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  • 5-May-2021

    English

    Production Transformation Policy Review of Shenzhen, China - A Journey of Continuous Learning

    Shenzhen is a stellar case of growth and economic transformation. Since its establishment as one of China’s first four Special Economic Zones in 1980, it has evolved at breakneck speed. Shenzhen transformed from a fishing village to a major world trade hub and is now home to global innovators in electronics. The Production Transformation Policy Review (PTPR) of Shenzhen, China reviews the city’s changing policy approaches, focusing on the shift from an assembly to a manufacturing centre and more recently to an innovation and start-up hub. Through a comprehensive assessment of Shenzhen’s experience, this review offers insights into the range of policies and strategies employed to stimulate industrial upgrading and learning in China. It provides lessons and actionable policy recommendations for the growth of cities and emerging economies in their catching-up journey. The PTPR of Shenzhen, China has been carried out in the framework of the OECD Initiative for Policy Dialogue on Global Value Chains, Production Transformation and Development and has benefitted from government-business dialogues and international peer learning (University of Seoul, Korea; University of Georgetown, USA and Digital India Foundation, India).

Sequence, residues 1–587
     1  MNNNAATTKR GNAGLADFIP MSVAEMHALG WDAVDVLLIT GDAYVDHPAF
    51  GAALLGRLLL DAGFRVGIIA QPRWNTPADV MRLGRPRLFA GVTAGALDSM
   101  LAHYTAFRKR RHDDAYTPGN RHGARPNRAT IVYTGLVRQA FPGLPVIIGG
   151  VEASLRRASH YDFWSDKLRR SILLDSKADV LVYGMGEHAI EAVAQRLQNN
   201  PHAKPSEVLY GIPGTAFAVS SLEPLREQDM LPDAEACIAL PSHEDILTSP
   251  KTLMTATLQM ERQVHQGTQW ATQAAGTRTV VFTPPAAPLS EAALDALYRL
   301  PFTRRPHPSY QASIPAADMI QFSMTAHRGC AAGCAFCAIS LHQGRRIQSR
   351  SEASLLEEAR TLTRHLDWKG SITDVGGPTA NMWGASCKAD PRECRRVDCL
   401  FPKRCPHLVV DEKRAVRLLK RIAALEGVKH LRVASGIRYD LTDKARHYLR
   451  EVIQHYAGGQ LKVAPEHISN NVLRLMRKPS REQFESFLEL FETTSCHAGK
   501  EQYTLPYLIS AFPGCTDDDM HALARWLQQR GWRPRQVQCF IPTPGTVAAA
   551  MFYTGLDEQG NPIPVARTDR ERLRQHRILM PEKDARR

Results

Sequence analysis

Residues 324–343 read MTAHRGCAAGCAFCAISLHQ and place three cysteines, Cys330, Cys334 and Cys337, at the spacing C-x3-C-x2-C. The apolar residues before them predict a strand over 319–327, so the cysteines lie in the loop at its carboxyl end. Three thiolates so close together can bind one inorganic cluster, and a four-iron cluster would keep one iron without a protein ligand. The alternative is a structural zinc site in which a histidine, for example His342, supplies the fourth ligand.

• 6-April-2021

    English

    DevTalks: Providing debt relief and financing a sustainable recovery in Africa

    This DevTalk, co-organised by the OECD Development Centre and the T20 Co-Chair International Affairs Institute, will be an opportunity to weigh up solutions for debt management in Africa, engaging experts in a debate on how the G20 can better support efforts to address African governments’ liquidity and financing needs.

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  • 1-April-2021

    English

    Platform on investment and productive transformation in Africa